The process of cataloging varies by the type of item cataloged. If a cataloger is cataloging a book, he or she will record the author, title, publisher, and other information necessary to help users to find it in the catalog. The same principle − making it easier for user to find materials − operates for other formats, ranging from CDs to digital materials. Catalogers follow specific rules when cataloging. The Anglo-American Cataloguing Rules, 2nd Edition (AACR2) is the main rule set catalogers have followed since the 1970s and 1980s. It is being replaced by Resource Description and Access (RDA), which, among its other qualities, makes it easier to catalog digital materials.
Catalogers use subject headings when cataloging materials. The Library of Congress Subject Headings (LCSH) is the most familiar list of subject headings used by catalogers in the United States and, as its name suggests, it was created by the Library of Congress. Other lists of subject headings exist, such as the Sears List of Subject Headings, used by small and medium-sized libraries to assign subject headings to their materials. Subject headings assist catalogers in identifying the subject(s) of a book or other library item they are cataloging, and help them to decide what subject(s) to use when describing what material an item covers.
Cataloging adds new items to a library catalog. Metadata is slightly different, although it also keeps track of materials. It labels and identifies books and other items by subject, author, and other categories used in cataloging. It is, however, more informal and can be created and used by anyone, whether it is to organize an MP3 collection or to denote who authored a book you are reading. The general public's use of metadata is sometimes known as 'creating folksonomies'. When you use metadata, you describe materials using it, and categorize and label them. This is to aid with maintaining library, museum, and archive collections, as cataloging is used to describe physical materials for the same.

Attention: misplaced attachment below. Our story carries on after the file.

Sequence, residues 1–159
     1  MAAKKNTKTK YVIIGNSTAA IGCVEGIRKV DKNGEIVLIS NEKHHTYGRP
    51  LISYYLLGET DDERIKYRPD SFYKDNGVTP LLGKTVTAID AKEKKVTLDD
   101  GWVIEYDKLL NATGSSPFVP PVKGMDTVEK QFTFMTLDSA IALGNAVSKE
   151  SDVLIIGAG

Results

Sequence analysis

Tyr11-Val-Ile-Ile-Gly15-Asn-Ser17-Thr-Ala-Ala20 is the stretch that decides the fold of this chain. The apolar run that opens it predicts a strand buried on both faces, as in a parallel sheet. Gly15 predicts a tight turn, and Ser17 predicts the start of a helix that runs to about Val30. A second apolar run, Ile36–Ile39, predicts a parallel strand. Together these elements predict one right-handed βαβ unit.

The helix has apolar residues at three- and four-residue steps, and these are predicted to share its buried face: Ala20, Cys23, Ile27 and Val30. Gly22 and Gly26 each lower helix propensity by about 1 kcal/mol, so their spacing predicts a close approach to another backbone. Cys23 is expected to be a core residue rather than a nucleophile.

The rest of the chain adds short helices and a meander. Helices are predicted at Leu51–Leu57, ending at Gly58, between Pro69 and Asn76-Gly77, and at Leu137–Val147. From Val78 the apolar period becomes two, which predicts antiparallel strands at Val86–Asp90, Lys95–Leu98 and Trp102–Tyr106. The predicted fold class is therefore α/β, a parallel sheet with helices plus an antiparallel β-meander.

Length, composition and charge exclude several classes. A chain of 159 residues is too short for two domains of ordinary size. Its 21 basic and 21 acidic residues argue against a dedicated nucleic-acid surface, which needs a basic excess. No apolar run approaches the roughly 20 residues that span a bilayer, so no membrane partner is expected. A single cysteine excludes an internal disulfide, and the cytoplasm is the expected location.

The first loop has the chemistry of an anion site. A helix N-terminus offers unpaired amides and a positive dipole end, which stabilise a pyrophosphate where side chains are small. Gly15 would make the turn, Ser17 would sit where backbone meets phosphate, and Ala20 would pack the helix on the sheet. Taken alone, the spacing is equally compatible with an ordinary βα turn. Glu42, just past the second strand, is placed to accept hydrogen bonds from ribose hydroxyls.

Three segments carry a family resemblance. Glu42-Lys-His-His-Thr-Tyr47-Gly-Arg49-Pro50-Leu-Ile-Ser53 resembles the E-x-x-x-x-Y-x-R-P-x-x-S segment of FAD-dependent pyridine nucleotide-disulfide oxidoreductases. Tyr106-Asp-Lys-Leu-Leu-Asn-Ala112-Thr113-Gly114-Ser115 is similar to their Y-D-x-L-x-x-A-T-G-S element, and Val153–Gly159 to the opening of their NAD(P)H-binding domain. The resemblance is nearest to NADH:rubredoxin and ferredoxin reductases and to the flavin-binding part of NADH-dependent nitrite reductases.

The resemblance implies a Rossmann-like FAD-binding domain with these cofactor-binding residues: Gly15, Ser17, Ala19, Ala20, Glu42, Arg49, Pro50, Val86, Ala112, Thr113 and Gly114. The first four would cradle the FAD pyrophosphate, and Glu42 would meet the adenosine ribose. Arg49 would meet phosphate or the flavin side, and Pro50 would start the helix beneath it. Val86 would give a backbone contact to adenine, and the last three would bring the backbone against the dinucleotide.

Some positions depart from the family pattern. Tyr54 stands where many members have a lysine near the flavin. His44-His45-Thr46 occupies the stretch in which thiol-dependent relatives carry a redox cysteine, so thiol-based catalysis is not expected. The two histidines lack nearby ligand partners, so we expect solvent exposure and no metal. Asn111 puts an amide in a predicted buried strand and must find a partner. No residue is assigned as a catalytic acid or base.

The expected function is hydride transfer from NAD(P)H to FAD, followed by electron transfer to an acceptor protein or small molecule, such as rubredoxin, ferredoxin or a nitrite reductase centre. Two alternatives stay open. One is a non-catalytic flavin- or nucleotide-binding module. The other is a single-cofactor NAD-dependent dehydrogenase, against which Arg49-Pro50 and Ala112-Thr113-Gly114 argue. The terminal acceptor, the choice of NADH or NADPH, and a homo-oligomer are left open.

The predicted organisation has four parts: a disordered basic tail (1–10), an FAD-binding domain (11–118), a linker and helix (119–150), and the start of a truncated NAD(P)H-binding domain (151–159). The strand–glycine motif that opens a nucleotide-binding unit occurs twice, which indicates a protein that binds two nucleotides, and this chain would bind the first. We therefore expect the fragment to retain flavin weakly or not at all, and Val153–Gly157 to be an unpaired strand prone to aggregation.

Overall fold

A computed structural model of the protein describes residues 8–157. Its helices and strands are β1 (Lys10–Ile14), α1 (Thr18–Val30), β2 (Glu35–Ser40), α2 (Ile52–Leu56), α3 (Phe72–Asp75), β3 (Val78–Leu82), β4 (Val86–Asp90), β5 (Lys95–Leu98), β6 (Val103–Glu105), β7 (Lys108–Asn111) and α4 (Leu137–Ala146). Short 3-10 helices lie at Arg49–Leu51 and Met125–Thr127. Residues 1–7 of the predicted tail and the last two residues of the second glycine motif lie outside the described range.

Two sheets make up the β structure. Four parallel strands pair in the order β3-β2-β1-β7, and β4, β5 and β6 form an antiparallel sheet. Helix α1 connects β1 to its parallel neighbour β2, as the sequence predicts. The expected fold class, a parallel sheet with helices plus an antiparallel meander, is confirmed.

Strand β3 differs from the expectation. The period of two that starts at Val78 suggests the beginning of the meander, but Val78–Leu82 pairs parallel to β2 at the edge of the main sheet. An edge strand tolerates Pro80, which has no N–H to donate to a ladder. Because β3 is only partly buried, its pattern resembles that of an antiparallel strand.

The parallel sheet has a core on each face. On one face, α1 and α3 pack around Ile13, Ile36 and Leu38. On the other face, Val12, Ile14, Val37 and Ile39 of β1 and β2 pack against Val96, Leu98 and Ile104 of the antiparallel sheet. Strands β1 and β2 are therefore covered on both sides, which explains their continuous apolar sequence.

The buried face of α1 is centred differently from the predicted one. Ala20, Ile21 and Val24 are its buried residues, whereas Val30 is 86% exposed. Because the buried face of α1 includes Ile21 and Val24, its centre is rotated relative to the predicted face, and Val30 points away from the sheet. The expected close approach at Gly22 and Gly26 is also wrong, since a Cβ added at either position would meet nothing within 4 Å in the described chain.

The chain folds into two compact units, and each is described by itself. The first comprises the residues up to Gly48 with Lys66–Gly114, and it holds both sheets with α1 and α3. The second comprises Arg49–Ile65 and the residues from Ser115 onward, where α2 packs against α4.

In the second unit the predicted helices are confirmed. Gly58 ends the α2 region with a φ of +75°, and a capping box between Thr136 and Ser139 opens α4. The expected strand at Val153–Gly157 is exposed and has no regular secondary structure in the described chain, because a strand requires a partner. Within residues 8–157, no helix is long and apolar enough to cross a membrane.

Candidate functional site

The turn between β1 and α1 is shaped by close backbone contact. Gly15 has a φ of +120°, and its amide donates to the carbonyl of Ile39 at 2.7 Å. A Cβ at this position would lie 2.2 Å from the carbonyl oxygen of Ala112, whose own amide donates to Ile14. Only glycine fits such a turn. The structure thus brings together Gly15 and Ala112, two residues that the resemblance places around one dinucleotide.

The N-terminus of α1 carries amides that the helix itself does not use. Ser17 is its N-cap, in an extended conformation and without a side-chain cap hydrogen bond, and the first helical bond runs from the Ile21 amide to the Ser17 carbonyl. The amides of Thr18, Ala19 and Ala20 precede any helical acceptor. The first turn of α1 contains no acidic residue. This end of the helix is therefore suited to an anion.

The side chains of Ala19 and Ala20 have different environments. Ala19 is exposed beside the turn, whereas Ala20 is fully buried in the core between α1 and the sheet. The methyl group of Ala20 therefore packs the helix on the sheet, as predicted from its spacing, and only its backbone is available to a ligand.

Metadata is particularly helpful for describing digital materials, since traditional cataloging seems less able to catalog them as well as it does physical materials. It can be used to describe non-book physical resources also, such as photographs, artworks, and maps. As with digital materials, metadata can describe these items to greater precision than traditional cataloging.
Metadata has digital resources in mind, whereas traditional cataloging was created before the Internet. The categories metadata uses, such as Website, were created to utilize the internet, whereas traditional cataloging has had to develop categories that accommodate it. Traditional cataloging is not always efficient with cataloging digital items. This is where metadata comes in, and makes maintaining digital collections or collections with digital materials easier. It adapts itself readily to digital items.
Some resources that can assist you in learning to catalog include Value of Cataloging Librarians, which is featured by the American Library Association (ALA), and discusses the vital functions catalogers perform. Cataloging Resources, also featured by the ALA, provides a list of resources catalogers can use to assist them when cataloging library materials. Cataloging students will find these resources helpful as they learn to catalog. The Library of Congress features Resources for Cataloging, a list of cataloging resources that both catalogers and cataloging students will find useful.
If you are learning metadata, there are a number of helpful resources available. Many metadata schema exist that help organize metadata, and govern its production by various sets of rules. The most well-known of the schema is Dublin Core, which is a basic schema, and from which many other metadata schema have been made. Other schema include MODS (Metadata Object Description Schema), MADS (Metadata Authority Description Schema), and EAD (Encoded Archival Description).
You may also want to check out the book Introduction to Metadata, edited by Murtha Baca, contributors Anne J. Gilliland, Tony Gill, Mary S. Woodley, and Maureen Whalen, and published by Getty Publications. It is the definitive introductory guide to metadata. Every library school student, librarian, and information professional working with metadata should read this. It is available through the Getty Publications Virtual .